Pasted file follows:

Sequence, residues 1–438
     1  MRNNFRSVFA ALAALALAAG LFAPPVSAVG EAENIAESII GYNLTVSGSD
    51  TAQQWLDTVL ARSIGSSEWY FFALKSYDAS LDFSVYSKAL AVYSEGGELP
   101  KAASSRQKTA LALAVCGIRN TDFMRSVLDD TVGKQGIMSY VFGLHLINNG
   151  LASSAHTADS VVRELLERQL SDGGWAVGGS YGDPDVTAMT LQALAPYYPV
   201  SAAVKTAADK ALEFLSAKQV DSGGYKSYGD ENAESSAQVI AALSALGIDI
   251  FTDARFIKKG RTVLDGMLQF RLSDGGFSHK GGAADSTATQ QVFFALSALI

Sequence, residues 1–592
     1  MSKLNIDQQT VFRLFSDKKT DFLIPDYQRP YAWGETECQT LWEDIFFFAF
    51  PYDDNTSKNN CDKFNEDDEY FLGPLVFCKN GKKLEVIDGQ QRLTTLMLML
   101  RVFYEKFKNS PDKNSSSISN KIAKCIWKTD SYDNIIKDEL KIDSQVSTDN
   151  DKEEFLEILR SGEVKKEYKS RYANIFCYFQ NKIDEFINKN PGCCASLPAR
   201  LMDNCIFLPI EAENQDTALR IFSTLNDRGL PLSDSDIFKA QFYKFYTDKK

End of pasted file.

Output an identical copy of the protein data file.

Sequence, residues 1–438
     1  MRNNFRSVFA ALAALALAAG LFAPPVSAVG EAENIAESII GYNLTVSGSD
    51  TAQQWLDTVL ARSIGSSEWY FFALKSYDAS LDFSVYSKAL AVYSEGGELP
   101  KAASSRQKTA LALAVCGIRN TDFMRSVLDD TVGKQGIMSY VFGLHLINNG
   151  LASSAHTADS VVRELLERQL SDGGWAVGGS YGDPDVTAMT LQALAPYYPV
   201  SAAVKTAADK ALEFLSAKQV DSGGYKSYGD ENAESSAQVI AALSALGIDI
   251  FTDARFIKKG RTVLDGMLQF RLSDGGFSHK GGAADSTATQ QVFFALSALI

Sequence, residues 1–592
     1  MSKLNIDQQT VFRLFSDKKT DFLIPDYQRP YAWGETECQT LWEDIFFFAF
    51  PYDDNTSKNN CDKFNEDDEY FLGPLVFCKN GKKLEVIDGQ QRLTTLMLML
   101  RVFYEKFKNS PDKNSSSISN KIAKCIWKTD SYDNIIKDEL KIDSQVSTDN
   151  DKEEFLEILR SGEVKKEYKS RYANIFCYFQ NKIDEFINKN PGCCASLPAR
   201  LMDNCIFLPI EAENQDTALR IFSTLNDRGL PLSDSDIFKA QFYKFYTDKK